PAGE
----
Liz Dominey of SI of Great Britain & Ireland, discussed ‘Stem Challenge for Girls’, a major project undertaken by SI Bournemouth, Soroptimist International of Great Britain and Ireland. Designed for girls in years 8 and 9, aged 13 and 14 years old, the project is developed to challenge girls to consider research – and to develop projects that are fit for purpose, cost effective, sustainable, and to help people in the poorest parts of the world. She spoke of the gender bias with just 15-25% of the STEM workforce being women, questioning why this matters? Careers in STEM tend to be well paid, and a lack of women in these roles means fewer female role models for girls forming career choices. Dominey explored the many reasons STEM careers may seem unachievable to girls – one of which is the tendency for girls to favour roles with more altruistic goals. Each girl is entered for a British science crest award, recognising success – and students recieve a personal achievement certificate, monetary prize and the school additionally receives a monetary prize. The award is subsidised by the government and in the first year, 12 girls entered, and last year this rose to 200. Judges come from local, national and global companies within the STEM arena, and sponsorship is gained from local companies. An Awards night is held at a University and the project won the Queens Award for voluntary service, with the concept now being shared to other Soroptimist clubs in the UK, and also in Italy.
Elizabeth Nyadwe, Vice-President of Advocacy, Soroptimist International of Europe, began by describing how lifelong learning begins at home, and for girls who grow up in a well nurtured, secure environment, learning can get off to a strong start. She described Education as a pillar within the overal work and advocacy of Soroptimist International of Europe, and spoke of the hundreds of projects that take place throughout the Federation, Unions and Clubs. Nyadwe chose projects to discuss further, asking, “can you imagine the little girl who has never seen a classroom? Would she be in this room?”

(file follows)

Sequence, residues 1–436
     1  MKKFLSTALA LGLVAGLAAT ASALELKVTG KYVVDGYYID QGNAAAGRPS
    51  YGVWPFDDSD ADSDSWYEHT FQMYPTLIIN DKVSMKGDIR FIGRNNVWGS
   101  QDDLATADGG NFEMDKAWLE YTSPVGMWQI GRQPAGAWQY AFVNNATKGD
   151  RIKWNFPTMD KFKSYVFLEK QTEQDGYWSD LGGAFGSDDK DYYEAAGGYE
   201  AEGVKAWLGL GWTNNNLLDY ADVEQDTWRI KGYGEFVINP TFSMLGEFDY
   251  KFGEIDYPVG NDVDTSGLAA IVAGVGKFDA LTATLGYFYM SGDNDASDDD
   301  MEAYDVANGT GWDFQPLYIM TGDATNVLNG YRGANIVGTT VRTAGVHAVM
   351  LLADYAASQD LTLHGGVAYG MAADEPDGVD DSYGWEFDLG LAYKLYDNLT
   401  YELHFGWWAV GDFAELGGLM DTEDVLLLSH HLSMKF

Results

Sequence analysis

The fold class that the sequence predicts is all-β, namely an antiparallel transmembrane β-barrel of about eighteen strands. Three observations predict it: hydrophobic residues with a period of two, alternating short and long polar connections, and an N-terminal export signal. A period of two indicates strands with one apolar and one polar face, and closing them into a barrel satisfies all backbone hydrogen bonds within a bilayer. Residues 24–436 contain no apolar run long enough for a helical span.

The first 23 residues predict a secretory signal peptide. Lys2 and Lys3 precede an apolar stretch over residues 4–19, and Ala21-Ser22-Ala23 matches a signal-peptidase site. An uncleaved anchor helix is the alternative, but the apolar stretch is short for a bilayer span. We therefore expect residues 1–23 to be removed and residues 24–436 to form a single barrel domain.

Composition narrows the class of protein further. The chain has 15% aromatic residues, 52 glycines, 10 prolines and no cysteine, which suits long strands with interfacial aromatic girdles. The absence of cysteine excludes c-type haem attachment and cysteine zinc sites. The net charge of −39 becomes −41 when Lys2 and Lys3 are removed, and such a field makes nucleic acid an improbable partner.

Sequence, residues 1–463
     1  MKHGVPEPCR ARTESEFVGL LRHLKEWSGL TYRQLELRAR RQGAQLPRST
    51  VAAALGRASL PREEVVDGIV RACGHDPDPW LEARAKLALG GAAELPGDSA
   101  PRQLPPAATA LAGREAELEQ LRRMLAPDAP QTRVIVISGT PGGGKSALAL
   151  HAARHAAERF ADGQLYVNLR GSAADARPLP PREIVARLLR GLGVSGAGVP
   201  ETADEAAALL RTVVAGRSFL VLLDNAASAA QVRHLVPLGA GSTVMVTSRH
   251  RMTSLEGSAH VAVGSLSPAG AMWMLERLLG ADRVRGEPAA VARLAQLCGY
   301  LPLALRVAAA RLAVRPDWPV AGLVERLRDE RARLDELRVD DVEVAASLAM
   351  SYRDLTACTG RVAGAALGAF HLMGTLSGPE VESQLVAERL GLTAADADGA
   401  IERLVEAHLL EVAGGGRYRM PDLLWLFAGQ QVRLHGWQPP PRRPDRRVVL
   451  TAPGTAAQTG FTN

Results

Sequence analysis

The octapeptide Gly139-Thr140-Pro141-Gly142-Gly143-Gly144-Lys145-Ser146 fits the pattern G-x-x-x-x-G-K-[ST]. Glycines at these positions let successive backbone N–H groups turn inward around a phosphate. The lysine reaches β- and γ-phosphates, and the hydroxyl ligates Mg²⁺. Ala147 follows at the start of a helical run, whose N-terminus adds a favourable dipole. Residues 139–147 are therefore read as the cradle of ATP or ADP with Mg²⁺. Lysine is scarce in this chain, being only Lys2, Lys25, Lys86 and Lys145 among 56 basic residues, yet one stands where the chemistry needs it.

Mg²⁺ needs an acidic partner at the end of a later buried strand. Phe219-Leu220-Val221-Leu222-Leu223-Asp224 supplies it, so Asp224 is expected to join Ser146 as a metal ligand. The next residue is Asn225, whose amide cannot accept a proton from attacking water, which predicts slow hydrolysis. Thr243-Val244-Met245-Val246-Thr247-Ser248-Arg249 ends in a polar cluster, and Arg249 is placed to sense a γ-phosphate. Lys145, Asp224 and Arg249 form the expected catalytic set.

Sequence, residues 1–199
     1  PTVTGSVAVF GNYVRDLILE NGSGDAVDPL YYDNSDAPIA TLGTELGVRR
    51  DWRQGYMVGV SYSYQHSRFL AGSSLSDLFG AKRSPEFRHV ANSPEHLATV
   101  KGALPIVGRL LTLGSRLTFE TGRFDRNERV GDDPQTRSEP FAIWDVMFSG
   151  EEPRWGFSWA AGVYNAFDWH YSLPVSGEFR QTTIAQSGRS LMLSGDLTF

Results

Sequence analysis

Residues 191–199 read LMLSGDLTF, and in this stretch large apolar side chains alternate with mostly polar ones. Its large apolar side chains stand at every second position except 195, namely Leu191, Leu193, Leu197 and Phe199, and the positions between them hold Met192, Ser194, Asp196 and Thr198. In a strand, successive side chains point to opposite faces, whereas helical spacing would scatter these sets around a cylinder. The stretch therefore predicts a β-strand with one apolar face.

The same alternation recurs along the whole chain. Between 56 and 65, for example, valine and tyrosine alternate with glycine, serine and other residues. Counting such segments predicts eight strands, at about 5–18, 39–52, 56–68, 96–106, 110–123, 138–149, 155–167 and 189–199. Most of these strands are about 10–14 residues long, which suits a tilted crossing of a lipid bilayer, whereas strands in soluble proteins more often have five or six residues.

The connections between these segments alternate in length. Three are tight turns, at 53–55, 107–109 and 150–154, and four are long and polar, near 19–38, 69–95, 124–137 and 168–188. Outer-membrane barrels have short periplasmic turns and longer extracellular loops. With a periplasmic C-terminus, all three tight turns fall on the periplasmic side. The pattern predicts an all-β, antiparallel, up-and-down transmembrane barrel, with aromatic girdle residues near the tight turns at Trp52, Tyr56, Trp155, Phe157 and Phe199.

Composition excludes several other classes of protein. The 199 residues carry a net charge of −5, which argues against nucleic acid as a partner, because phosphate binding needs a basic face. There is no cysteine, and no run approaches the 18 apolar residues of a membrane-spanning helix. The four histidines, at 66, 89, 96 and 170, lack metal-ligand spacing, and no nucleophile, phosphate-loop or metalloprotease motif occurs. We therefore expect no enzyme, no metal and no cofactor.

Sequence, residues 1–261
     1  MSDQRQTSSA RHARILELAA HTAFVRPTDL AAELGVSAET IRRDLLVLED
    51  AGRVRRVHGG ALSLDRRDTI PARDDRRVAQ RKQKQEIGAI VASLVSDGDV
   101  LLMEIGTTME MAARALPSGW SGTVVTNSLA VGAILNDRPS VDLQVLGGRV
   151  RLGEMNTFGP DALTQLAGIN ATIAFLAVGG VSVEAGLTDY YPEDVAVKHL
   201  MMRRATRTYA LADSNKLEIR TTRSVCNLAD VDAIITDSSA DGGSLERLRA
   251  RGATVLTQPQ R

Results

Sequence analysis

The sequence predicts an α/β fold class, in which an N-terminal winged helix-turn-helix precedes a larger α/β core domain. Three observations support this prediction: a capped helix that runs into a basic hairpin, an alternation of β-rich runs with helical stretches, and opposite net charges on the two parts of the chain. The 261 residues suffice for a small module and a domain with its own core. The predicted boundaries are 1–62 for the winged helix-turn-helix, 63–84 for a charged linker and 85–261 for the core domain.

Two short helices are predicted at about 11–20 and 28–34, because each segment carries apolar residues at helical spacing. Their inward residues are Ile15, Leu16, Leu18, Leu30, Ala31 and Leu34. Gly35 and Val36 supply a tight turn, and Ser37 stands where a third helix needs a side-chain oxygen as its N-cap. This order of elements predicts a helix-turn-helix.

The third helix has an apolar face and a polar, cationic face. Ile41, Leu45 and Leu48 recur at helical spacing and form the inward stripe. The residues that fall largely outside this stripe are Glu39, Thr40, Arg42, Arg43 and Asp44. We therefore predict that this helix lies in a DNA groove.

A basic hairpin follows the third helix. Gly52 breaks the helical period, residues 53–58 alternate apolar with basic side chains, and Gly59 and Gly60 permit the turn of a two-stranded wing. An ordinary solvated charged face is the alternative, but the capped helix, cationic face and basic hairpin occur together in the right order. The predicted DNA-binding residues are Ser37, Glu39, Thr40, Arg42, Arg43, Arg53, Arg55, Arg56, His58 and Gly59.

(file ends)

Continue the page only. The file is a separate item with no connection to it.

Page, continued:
Elizabeth introduced a project taking place in Italy, supporting 54 young women graduates through a mentoring and coaching programme. In Turkey, a project is empowering women in prison, providing job placements and establishing a support centre. All the projects showcased by Nyadwe presented evidence that investing in the education, mentoring and empowering of both younger and older women throughout their lifetime – brings increased opportunities and value to communities and society as a whole.
Catherine Evans, Soroptimist International of South West Pacific presented on ‘Women’s Empowerment and Training: From Malaysia to Mongolia, Lifting Women From Poverty through Lifelong Learning. Catherine introduced some of the projects taking place in Soroptimist International of South West Pacific – From Malaysia to Mongolia, two programmes in particular: SPOT which is dedicated to educating and awareness raising of teenage pregnancies in Malaysia. Catherine spoke of the 1800 teenage pregnancies recorded each year and the positioning of the Soroptimist Puberty Organising Toolkit (SPOT), filling the gaps in Malaysia’s sexual health and education for young people, with SI Petaling Jaya developing the SPOT PuberTeen Talk and SPOT Workshops. SPOT is now recognised by the Ministry of Education, Malaysia, supported by the Ministry of Health and the National Population and Family Development Board (LPPKN), as well as the Ministry of Women, Family and Community Development of Malaysia. The second project introduced is taking place in Mongolia. The Ger project enables women to grow their own fruit and vegetables and create a self-sustainable lifestyle. The programme hopes to develop greenhouses in the near future.
Hafdis Karlsdóttir, Chair of the SI President’s Appeal 2017-2019, joined SI President, Mariet Verhoef-Cohen to discuss the SI ‘Women, Water and Leadership’ Appeal, and the link between social protection systems and SDGs 4, 5, and 6, a key focus of the work of the SI organisation. One of the global challenges of our time is the lack of access to water (SDG6). Water is the source of life for every single living being on the planet and essential for economies to thrive. The importance of creating conditions to facilitate women in the role of leaders in achieving equal access to water for all uses is widely understood. Making finances and funding available to empower women in water related fields, and achieving gender equality in water is a priority, whilst providing vocational training, often in non-traditional sectors, to empower women will help lift them out of poverty.